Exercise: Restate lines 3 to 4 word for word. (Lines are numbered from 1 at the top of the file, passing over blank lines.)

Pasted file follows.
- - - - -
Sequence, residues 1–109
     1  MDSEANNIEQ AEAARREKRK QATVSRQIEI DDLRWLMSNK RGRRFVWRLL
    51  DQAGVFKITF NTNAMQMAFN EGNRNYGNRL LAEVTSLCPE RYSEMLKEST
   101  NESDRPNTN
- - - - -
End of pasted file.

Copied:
    51  DQAGVFKITF NTNAMQMAFN EGNRNYGNRL LAEVTSLCPE RYSEMLKEST
   101  NESDRPNTN